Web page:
I have a confession. Stuffing eludes me. Every year I do the traditional dinner I thumb through magazines and cookbooks. I look for something to capture my imagination. The first one I ever did was an orange parsley stuffing… yeah, that was a total no go. Last year was a mixture of porcini, sausage, and artichoke hearts that only went into the roulades. Then this year, with success ofter success from Dandelion and Quince, I decided to go with her recipe for Celeriac Baked with Chestnuts and Sourdough.
This recipe not only captured my imagination but it celebrated the seasons but making use of celeriac and chestnuts which I had never used before. Finding the celeriac was easy enough. I had seen it popping up at the farmers market at the end of the season but finding the chestnuts proved much more difficult. It ended up the only place I could find them was Whole Foods. Depending on where you live this my sound like and obvious choice but out here in the midwest I almost never shop there.
Celeriac is a fun and easy to use root vegetable. It handles very well and can easily be diced or cut into whatever shape you’re needing. It may look like some bazaar thing but after you cut away the skin the root itself tastes and smells of the most intense celery.
The chestnuts proved to be an interesting ingredient. Not knowing anything about them other than the Christmas song I didn’t know what they looked like, tasted like, or how to prepare them. I was so clueless as to what they looked like that when I saw holiday mixed nuts in their shells being sold in bulk I ended up buying a couple pounds of them only later to realize that I bought hazelnuts and not chestnuts. I even bought a second nut cracker so my husband and I could shell the chestnuts together. If you know anything about chestnuts, laugh all you want. It was a learning experience. If you don’t know anything about them, welcome to my world. So the chestnut has this dark brown leathery skin. You have to score the skin down to the nut with a sharp knife making an “X” in the skin. (The larger the “X” you can make the better. Then you have to roast them in a 425ºF oven for 15 minutes or until the skins start to peel back from the nut. Then, the moment they are cool enough to handle you need to start peeling the skins off the nuts. What’s interesting is you end up with this bright yellow kind of soft nut. Something that breaks as easily as a piece of milk chocolate. The taste is sweet, creamy, and even can give you a faint hint of banana!
When reviewing this recipe I noticed two entries for the use of butter but only one place it was called out for in the recipe. I went to the authors website and emailed her asking about this. She replied explaining it was an error and how to adjust it. I learned long ago when recipe doesn’t make sense to see if the author has a website and contact them. Over the last few years I have gotten a lot of help working out the mistakes in recipes. It’s also a good reminder to always read the recipe before you make it to see if there is anything at doesn’t make sense. That way when you do go to make it there aren’t surprises.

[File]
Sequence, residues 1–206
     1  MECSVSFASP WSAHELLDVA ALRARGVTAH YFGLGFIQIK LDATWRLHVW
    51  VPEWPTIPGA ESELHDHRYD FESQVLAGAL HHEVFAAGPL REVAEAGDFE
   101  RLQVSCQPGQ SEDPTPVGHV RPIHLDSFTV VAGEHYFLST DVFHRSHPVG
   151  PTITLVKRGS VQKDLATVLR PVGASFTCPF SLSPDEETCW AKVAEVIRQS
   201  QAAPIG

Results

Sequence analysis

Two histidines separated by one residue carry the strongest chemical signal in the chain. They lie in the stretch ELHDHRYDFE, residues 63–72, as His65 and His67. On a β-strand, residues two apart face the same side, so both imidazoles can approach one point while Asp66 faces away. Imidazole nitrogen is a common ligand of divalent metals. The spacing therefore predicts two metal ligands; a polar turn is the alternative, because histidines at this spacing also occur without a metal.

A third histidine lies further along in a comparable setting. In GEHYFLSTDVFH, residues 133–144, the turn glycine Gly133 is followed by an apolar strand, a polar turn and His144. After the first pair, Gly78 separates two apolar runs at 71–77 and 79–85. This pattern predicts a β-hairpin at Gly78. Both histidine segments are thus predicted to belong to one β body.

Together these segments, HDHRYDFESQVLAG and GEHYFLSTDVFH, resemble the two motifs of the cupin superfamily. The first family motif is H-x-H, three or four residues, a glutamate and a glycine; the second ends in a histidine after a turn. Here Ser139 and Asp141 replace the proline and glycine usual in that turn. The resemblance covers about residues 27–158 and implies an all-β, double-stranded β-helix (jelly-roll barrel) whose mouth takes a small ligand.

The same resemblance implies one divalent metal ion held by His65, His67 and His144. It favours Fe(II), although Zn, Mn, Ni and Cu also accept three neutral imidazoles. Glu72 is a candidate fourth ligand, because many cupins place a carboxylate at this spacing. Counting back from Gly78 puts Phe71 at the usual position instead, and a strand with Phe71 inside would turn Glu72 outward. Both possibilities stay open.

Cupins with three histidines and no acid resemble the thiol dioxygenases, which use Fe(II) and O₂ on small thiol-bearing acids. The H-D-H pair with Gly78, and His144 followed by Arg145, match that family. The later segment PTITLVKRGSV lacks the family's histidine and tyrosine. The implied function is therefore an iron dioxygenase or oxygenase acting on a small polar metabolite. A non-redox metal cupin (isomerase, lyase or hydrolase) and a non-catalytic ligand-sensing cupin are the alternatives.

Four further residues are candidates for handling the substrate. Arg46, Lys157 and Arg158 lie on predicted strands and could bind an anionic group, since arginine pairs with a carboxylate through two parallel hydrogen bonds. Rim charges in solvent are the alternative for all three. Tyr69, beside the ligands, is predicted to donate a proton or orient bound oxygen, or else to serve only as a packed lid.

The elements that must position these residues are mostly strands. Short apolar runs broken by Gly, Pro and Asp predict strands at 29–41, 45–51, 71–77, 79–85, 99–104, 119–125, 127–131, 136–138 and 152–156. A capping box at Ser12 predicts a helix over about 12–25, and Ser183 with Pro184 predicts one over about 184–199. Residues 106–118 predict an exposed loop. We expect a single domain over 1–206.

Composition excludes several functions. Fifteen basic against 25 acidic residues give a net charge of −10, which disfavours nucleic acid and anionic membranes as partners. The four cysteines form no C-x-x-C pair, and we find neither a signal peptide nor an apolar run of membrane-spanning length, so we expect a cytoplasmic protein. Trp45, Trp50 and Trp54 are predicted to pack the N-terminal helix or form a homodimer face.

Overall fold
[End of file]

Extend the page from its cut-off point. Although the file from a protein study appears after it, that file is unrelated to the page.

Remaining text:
I also knew that this recipe called for sourdough. I wanted to do a homemade bread and by the time I worked through my planning I didn’t have enough time to experiment with making my own sourdough starter as well as making the sourdough it’s self so instead I made two different types of breads with two different techniques. One was a traditional hearty white loaf and the other was a short fermentation and was a mix of wheat and white. One of the love worked beautifully and the other was problematic. Since it was going into stuffing I knew it didn’t matter all that much and still used them both.
I was so excited about these new flavors and the dish all together that I took the time to prep everything with great detail. As each flavor got added the excitement only grew. In total the recipe called for 1 ½ pounds of cubed bread and 6 cups of stock! If you have made stuffing I am guessing you know where this is going. (It ended up WAY too soggy.) Not know how it was going to turn out I charged ahead and got it all mixed together and baked it in my oven. The stuffing was in there for at least 45 minutes and it never seemed to get the golden brown color on top it was supposed to and when scooped it was VERY wet.
The overall flavors were interesting and good but to say I wasn’t disappointed would be inaccurate. After the meal was over I took notes as to what we all thought. What we liked about it and what we didn’t. Then I began looking at other stuffing recipes for liquid to bread ratios and most seemed to be half of what I used if not even less.
The next night when doing leftovers or I should say “Do-overs” I thought about trying to bake it again but didn’t want to just stick the whole pan in the oven. I wanted to good caramelization to the top and I wanted the stuffing to “come together”. That’s when I got the idea to chop up the stuffing and put it into ring molds. Then fry them in a pan with some oil and butter on the stove and then finish it off in the oven. This technique got me a much better product and one where I could at least enjoy the rest of the stuffing I had made.
I definitely want to make this stuffing again but next time tweak the liquid and the way it’s presented on the final plate.